- Allow editors to manage Menus and Widgets and access some other appearance settings previously acessible only to admins (for example, you might want to give your client the option to modify the website’s menu, but you would rather avoid making him/her an administrator).
- Hide notices about updating WordPress and other plugins for all users except from Admins (sometimes clients get confused with those notices and think that there is something wrong with the website).
White label backend
- Change the “Howdy” message at the top right corner of the admin (both backend and logged-in frontend)
- Change the default footer text at the admin
- Replace the WordPress logo at the top left corner of the admin bar with your own (both backend and logged-in frontend)
- Replace the default Welcome message at the Dashboard with your own
- Add a Dashboard Widget to provide general or commercial information to your clients (for example: your contact info or links to support documentation)
- Add your own custom CSS for the Admin area
- Disable Emojis
- Disable wp-embed script from the frontend or load it conditionally
- DNS prefetching notifies the client that there are assets we’ll need later from a specific URL (outside our website’s domain) so the browser can resolve the DNS as quickly as possible.
- Link prefetching and prerendering. Link prefetching is a browser mechanism, which utilizes browser idle time to download or prefetch documents that the user might visit in the near future. A web page provides a set of prefetching hints to the browser, and after the browser is finished loading the page, it begins silently prefetching specified documents and stores them in its cache. When the user visits one of the prefetched documents, it can be served up quickly out of the browser’s cache. Prerendering downloads and renders the entire page and hides it from the user until it is requested, therefore, it should be used with caution.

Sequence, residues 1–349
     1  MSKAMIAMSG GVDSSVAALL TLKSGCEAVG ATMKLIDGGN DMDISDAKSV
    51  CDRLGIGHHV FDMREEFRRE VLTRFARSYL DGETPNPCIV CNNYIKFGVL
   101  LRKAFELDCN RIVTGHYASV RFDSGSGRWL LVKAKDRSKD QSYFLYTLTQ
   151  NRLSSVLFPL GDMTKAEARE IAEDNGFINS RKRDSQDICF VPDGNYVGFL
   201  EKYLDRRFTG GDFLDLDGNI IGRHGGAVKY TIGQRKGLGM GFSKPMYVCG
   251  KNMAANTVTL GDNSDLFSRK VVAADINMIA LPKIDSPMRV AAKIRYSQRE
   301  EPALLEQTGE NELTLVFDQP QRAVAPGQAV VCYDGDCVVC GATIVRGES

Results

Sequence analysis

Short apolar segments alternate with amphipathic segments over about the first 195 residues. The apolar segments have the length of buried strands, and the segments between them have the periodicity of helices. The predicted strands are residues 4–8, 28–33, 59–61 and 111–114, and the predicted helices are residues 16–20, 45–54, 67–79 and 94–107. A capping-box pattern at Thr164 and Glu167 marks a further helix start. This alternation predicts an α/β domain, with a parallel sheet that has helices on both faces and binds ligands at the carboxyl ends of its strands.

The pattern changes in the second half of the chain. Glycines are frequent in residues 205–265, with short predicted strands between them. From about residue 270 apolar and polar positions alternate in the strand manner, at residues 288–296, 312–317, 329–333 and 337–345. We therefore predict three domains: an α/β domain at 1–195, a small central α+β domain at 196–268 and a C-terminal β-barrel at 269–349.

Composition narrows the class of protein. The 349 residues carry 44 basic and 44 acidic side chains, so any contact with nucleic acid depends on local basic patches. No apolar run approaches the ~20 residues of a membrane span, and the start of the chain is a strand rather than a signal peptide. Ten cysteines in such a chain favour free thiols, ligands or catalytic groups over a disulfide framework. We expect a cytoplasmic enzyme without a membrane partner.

- If you manually include email addresses in your posts, you should consider disguising them in order to “fool” e-mail harvesters (check FAQ for details).
- Show a telephone number in a way that it is clickable. When clicked, if you are on a mobile device it opens the phone’s dialer and if you are on a desktop computer it prompts to make a call via a related program (e.g. Skype).
- If you develop your site on localhost or on a temporary URL, you might want to avoid absolute URLs inside posts and pages. That way you don’t need to update your links after migrating to your actual domain (check FAQ for details).
var_dump()will wrap the output in
<pre></pre>tags, for better readability.
slash_admin_dump()does the same thing, only this time the output is only visible to admins (can be handy if you want to debug a live site).
- Show warnings if the site is on air and debug mode is still on and if the site is on localhost and debug mode is off. Also, show warning if the website is on air and you have chosen to hide it from Search Engines.
Slash Admin displays the following notifications:
- A list with the users who logged in during the past 15 minutes (except from you, obviously)
- A warning when debug mode is enabled (you should enable it when developing, but disable it when the site goes live)
- A warning when your site is hidden from search engines
- Upload the Slash Admin plugin to your WordPress plugins directory and activate it.
- Go to Tools / Slash Admin and set your preferred options.